This is Marion’s review of Memory, Komarr and A Civil Campaign. Kat’s thoughts about Komarr are at the bottom.
In Memory, Komarr and A Civil Campaign, Lois McMaster Bujold turns the VORKOSIGAN SAGA from space opera to planetary politics.
Miles Vorkosigan has always been a risk-taker. Usually the person he puts at risk is himself, but in Memory, Miles’s choice injures a crew member. Miles compounds the problem by procrastinating and then outright lying in his report. Even hundreds of years in the future, the cover-up is often worse than the original act, and the consequences for Miles are serious. He must give up the mercenary fleet and the alter ego “Admiral Naismith.”
Miles, though, is too valuable an instrument to leave on the shelf, and Emperor Gregor soon makes him an Imperial Auditor. At first this sounds punishingly tedious to Miles, but Gregor points out that an Auditor is an Imperial inquiry agent, and the unique traits that make Miles so, well, Miles-like are exactly what Gregor needs.
Komarr is a futuristic detective novel. Komarr, a neighboring planet in the Barryaran system, is being terra-formed, and there has been an incident with the equipment that might have been sabotaged. The name Vorkosigan is met with hatred on Komarr, where Lord Aral Vorkosigan brutally put down a rebellion decades earlier. Political skullduggery, criminal conspiracy and a love story all unfold. In Komarr, Miles finally meets a woman he may be able to be happy with. After his exotic liaisons and hook-ups with galactic tough-girls, Ekaterin is something of a surprise; a conventional Vor woman. She has a son with a genetic condition, and Miles soon bonds with the boy. Ekaterin is well-drawn and believable, a good match for the Vorkosigan scion and the secretly lonely hero.
A Civil Campaign is a book with many subplots. Back on Barrayar, Miles continues his courtship of Ekaterin, who is trying to make her own way under very difficult circumstances. Miles’s clone-brother Mark is pursuing a business venture with madcap results. Emperor Gregor is involved in a royal wedding — his own, to a Komarran, a match that will finally join Barrayar and Komarr in peace. And a young Vor lady brings information to Gregor that will change the political landscape of the whole planet.
Mark’s butterbug marketing scheme was the least successful storyline here as far as I was concerned. The Vor books are filled with dry wit and slapstick humor, but this Three-Stooges-style farce, especially the predictable dinner party scene, didn’t work for me. I also thought that Gregor, who comes to the aid of a nine-year-old-boy at the eleventh hour, was too good to be quite true. Yes, he had told the boy to call him if he were in danger. Yes, Gregor must be a man of this word, and yes, I do understand that we must see Gregor as a protector of children in order to recognize how different he is from his sadistic, insane father. Still, Gregor has a planet to run and a wedding to plan. I would have expected a snappish comment or an acerbic remark directed at Miles, at the very least.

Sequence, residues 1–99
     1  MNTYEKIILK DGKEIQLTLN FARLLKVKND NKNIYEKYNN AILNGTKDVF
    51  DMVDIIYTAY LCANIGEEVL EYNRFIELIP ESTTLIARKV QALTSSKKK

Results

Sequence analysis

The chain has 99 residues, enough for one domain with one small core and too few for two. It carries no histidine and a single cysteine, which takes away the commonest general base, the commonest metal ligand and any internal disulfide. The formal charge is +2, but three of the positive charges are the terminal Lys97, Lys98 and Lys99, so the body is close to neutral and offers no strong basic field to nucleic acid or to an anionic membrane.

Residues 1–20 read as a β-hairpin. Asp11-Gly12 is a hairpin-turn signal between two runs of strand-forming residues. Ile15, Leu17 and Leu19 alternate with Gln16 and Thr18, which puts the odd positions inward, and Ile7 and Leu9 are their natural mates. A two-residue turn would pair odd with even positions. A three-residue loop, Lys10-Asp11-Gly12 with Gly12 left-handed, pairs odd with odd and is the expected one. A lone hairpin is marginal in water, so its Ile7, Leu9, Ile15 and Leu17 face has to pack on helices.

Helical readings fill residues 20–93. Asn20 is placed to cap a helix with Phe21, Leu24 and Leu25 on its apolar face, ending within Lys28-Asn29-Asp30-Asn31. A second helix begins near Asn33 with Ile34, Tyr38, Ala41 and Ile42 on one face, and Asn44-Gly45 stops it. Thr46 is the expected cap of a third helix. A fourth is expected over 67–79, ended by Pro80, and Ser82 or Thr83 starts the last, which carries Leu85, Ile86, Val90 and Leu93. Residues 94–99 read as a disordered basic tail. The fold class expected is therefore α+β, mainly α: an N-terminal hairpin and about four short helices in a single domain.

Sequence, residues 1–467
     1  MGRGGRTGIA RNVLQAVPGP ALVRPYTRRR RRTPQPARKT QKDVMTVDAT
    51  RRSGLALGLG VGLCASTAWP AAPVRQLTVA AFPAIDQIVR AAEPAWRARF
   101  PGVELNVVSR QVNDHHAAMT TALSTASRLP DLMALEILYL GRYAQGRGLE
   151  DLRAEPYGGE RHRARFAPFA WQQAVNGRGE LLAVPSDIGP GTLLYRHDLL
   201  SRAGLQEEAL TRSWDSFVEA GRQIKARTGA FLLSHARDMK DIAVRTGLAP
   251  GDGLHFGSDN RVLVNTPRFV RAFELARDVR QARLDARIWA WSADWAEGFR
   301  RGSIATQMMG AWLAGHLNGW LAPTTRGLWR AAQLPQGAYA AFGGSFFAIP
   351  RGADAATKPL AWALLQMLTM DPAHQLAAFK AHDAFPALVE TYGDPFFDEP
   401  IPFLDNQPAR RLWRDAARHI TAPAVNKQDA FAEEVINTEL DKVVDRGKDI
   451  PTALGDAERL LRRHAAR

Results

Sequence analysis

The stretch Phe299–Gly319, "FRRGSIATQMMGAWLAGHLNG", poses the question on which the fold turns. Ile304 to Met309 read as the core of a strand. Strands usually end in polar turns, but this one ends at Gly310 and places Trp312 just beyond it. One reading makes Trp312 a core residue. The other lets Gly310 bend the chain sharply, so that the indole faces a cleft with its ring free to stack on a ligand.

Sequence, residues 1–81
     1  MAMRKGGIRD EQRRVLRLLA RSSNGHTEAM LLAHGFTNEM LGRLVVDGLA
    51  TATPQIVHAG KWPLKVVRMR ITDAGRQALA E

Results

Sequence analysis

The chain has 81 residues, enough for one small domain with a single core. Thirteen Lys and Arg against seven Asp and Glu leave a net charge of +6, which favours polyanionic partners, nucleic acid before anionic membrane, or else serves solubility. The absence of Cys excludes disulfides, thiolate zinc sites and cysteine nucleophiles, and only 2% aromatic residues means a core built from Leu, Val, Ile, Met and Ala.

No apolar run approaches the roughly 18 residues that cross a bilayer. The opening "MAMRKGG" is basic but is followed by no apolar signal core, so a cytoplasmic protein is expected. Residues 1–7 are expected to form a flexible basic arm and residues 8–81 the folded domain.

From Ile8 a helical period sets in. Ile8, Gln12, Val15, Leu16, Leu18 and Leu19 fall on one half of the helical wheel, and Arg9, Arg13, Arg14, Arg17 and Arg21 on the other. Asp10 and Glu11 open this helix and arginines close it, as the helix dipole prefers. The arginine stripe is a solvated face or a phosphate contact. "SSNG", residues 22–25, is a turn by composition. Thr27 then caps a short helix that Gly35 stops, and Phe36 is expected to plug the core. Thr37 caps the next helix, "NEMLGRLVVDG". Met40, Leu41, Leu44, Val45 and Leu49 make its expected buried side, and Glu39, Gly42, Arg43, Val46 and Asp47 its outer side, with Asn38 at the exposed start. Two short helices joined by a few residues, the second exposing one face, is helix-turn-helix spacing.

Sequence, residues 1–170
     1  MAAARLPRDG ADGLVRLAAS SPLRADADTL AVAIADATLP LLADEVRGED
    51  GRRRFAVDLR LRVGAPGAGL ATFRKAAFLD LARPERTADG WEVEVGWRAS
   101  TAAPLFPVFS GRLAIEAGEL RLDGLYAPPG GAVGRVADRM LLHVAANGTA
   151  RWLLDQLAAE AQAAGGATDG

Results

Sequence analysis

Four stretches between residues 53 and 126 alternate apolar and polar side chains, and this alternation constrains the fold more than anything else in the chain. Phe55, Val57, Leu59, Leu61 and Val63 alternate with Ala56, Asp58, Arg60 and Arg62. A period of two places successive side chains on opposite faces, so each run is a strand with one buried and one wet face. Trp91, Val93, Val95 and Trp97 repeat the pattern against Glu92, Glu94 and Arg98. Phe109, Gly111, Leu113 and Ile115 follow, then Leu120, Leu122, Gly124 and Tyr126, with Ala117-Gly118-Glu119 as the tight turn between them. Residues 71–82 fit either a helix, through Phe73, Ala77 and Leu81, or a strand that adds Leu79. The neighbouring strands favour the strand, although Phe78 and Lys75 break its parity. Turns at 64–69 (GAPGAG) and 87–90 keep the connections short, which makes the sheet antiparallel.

Still, there is so much here to like. Miles and Ekaterin are poignant as two vulnerable people trying to be together in the face of huge odds, and the subplot involving gender politics hits all the right notes.
Early in the Vor Saga, Bujold gave herself a huge canvas and filled it with an extended ensemble of characters. From Cordelia and Aral, Miles and Mark, to their very Vor cousin, to family retainers, to Gregor and the royal court, she has left herself plenty to work with, and deploys these interesting people with skill, humor and panache. At the end of A Civil Campaign, Miles is no longer a space pirate/undercover operative. He has found a woman to share his life, and a way to be Vor and still be fulfilled. And has he truly settled down? Only time will tell.
There is a mystery to solve on Komarr and Miles is sent in his new role as Imperial Auditor. There he befriends a Vor woman who has an unhappy marriage and a son with a genetic disorder. Each of them learns a lot from the other and Miles specifically has some insights about his own body image. To enjoy this story fully, you should read The Borders of Infinity first.